Even though there are numerous national authorities which can set their own membership requirements and apply their own codes of conduct, the standards set by the International Federation of Accountants (IFAC) represent an excellent source of information, as they have already been introduced in over 100 countries worldwide and are in the process of being implemented in many others. (Allen, C. and Bunting, R., 2008)
Objectivity, integrity, honesty, autonomy, confidentiality and independence are among the main ethical standards promoted by the International Federation of Accountants (IFAC), which also states that accountants should satisfy their clients’ needs whilst acting in the public interest; moreover, accountants are required to pay particular attention to the aforementioned principles when dealing with public companies given their vast range of stakeholders that may be affected by their operations. Allen, C. and Bunting, R., 2008; IFAC, 2005)
As an IFAC member, the United Kingdom has already implemented the aforementioned ethical standards, which explains why Margaret Hodge’s speech focussed mainly on PwC, Deloitte, Ernst & Young and KPMG’s lack of consideration for the public good, subtracting fundamental resources which could be used to provide tax payers with more schools, hospitals, infrastructure and so forth. Therefore, it can be inferred that the sale of tax avoidance services is not only a crime, but also a clear violation of the code of conduct all registered accountants should comply with. (IFAC, n.d.)
As Kothari and Barone (2006) observed, tax avoidance services are also incompatible with one of the fundamental definitions provided by the American Accounting Association, which describes accounting as the process of recording, measuring and interpreting information in such a way to enable all stakeholders to make informed decisions. In light of this definition, it is evident that an accountancy firm which uses its professionals’ knowledge of taxation to reduce its clients’ taxable income will automatically distort their financial information, thus providing stakeholders with inaccurate data. In light of the definitions, theories and perspectives analysed so far, it is evident that most of them clearly indicate that all professions, including accountancy, have specific social responsibilities and should aim to serve the public interest. As a result of that, it could be argued that when a professional offers services that may have a negative impact on society and the public good, their actions can be considered to be incompatible with their claims of professionalism.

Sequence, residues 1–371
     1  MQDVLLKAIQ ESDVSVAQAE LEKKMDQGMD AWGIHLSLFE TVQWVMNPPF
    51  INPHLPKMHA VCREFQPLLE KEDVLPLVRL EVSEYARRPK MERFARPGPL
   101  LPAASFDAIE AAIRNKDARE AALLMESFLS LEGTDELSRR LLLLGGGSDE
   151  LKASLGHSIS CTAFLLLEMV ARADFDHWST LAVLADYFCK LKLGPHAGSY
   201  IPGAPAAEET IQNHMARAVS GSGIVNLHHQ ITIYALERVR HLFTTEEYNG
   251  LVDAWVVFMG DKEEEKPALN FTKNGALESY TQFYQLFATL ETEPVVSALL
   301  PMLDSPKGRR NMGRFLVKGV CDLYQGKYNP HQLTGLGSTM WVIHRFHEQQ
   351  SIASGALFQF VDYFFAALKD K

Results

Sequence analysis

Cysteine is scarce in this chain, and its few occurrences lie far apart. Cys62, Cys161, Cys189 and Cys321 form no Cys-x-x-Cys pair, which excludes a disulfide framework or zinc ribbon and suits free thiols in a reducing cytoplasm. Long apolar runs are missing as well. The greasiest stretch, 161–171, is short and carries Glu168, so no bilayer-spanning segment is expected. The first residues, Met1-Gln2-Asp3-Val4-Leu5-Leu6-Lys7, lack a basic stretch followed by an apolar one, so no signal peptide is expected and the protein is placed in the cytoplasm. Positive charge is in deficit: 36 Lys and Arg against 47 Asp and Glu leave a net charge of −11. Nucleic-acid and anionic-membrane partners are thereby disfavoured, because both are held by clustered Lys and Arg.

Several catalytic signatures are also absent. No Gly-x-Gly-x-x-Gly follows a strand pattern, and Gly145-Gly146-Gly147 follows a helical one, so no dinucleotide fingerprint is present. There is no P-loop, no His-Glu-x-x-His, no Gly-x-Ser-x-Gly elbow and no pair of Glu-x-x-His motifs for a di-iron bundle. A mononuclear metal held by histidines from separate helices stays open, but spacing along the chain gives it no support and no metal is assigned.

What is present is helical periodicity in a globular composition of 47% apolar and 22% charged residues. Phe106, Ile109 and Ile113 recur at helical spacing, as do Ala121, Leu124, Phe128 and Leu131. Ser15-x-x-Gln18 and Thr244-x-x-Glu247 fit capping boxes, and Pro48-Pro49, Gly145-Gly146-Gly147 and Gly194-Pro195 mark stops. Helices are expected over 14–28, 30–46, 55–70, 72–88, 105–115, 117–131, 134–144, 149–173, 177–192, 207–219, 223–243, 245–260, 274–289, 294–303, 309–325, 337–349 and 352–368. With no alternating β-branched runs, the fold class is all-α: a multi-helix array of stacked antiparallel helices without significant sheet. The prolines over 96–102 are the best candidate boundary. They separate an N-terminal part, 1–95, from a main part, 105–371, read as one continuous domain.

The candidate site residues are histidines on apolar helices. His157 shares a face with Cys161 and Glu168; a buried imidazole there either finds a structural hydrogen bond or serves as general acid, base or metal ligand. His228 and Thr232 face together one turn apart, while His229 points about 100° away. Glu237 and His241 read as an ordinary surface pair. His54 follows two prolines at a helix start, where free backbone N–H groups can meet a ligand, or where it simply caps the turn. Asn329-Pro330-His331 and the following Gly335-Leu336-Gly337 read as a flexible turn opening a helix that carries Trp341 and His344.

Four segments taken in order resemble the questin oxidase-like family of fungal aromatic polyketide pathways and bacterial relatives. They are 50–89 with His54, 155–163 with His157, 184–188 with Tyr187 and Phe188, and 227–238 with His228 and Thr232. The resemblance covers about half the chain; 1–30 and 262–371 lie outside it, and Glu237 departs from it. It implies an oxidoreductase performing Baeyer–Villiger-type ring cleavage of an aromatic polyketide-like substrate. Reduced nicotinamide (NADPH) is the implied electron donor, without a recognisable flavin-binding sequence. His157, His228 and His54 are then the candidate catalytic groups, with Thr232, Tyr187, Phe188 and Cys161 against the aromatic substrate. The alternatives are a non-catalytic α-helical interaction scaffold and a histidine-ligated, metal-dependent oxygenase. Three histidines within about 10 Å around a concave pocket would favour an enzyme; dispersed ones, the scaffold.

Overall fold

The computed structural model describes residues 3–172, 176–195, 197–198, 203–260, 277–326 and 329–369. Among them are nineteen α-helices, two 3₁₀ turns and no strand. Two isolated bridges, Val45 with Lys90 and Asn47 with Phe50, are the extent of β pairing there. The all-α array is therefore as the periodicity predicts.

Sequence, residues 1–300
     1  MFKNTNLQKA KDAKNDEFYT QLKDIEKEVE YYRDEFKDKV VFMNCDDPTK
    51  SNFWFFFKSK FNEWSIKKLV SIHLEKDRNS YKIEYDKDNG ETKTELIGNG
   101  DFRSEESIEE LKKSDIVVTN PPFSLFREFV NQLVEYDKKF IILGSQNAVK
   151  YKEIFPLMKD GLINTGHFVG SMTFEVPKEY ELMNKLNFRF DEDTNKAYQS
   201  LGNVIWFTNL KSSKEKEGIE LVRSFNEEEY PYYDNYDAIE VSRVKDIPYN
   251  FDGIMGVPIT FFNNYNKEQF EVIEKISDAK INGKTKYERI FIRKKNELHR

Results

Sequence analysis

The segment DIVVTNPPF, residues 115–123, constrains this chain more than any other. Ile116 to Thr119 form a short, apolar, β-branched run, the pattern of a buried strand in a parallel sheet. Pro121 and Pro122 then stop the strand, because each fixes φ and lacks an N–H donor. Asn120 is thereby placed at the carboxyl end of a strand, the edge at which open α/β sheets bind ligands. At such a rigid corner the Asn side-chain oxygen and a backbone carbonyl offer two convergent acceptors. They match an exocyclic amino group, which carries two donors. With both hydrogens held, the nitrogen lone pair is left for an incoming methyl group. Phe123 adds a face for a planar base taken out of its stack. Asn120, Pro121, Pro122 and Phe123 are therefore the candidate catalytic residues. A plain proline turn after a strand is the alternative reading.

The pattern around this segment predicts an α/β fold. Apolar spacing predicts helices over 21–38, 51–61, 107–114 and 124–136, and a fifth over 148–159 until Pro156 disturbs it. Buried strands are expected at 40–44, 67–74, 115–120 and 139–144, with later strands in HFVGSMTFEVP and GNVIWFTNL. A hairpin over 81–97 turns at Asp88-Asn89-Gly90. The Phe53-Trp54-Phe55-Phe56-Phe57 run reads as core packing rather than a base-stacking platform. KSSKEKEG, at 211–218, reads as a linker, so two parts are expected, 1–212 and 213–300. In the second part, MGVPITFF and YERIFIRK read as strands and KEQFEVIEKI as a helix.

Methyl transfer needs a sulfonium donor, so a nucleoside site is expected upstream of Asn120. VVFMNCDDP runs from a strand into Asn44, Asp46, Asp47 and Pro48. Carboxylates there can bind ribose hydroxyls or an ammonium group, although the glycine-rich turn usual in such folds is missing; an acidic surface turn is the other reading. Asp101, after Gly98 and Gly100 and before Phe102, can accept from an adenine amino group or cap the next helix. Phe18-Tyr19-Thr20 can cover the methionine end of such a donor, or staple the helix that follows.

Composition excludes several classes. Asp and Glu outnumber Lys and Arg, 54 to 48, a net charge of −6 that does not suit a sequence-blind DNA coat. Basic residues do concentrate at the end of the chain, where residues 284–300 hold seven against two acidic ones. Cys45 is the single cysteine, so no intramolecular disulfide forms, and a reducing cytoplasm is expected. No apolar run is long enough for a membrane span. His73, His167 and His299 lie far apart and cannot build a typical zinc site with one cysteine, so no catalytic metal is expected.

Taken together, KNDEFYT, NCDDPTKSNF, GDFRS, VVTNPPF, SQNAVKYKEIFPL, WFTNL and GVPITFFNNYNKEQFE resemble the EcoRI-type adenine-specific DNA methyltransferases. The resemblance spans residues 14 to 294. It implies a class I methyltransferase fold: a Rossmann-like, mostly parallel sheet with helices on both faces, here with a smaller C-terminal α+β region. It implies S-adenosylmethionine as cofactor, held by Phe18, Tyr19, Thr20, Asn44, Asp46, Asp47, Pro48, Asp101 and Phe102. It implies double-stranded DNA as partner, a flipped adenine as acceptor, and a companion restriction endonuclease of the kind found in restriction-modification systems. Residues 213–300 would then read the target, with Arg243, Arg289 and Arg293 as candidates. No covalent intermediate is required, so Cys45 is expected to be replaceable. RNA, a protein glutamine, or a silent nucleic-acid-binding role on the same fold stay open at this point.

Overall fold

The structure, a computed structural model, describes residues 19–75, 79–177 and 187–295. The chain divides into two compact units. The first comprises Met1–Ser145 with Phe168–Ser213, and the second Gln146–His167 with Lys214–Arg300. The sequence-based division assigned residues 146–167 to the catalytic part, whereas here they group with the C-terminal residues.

Margaret Hodge’s accusatory words are certainly in line with the above statement, as not only did she accuse PwC, Deloitte, Ernst & Young and KPMG of helping large companies to avoid paying their legal and fair share of tax, she also argued that accountancy firms that offer tax avoidance schemes should not be allowed to work for the government, as their illicit services have a negative impact on society and the public good. (Armistead, L., 2013)
In this regard, Sikka and Hampton (2005) argued that accountancy firms that operate like entrepreneurial businesses, selling tax avoidance schemes to large companies and wealthy individuals, impose a greater burden on less wealthy citizens and contribute to eroding the entire tax system. In order to gain a better understanding of the impact that the sale of tax avoidance schemes has on society, Sikka and Hampton (2005) suggest that accountancy firms should realise that there are more than four billion people in the world who have to live on less than $30 a month and that poverty is a problem that affects western societies as well, as recent studies show that almost 4 million British children live in poverty, while 16% of British citizens live below the poverty line. Obviously, by subtracting resources from the state, accountancy firms that sell tax avoidance schemes make it more difficult for the state to help those in need of financial support, which is why tax avoidance is regarded as a form of white-collar crime, which is committed by professionals whose actions have a negative impact on a wide range of stakeholders, including their competitors.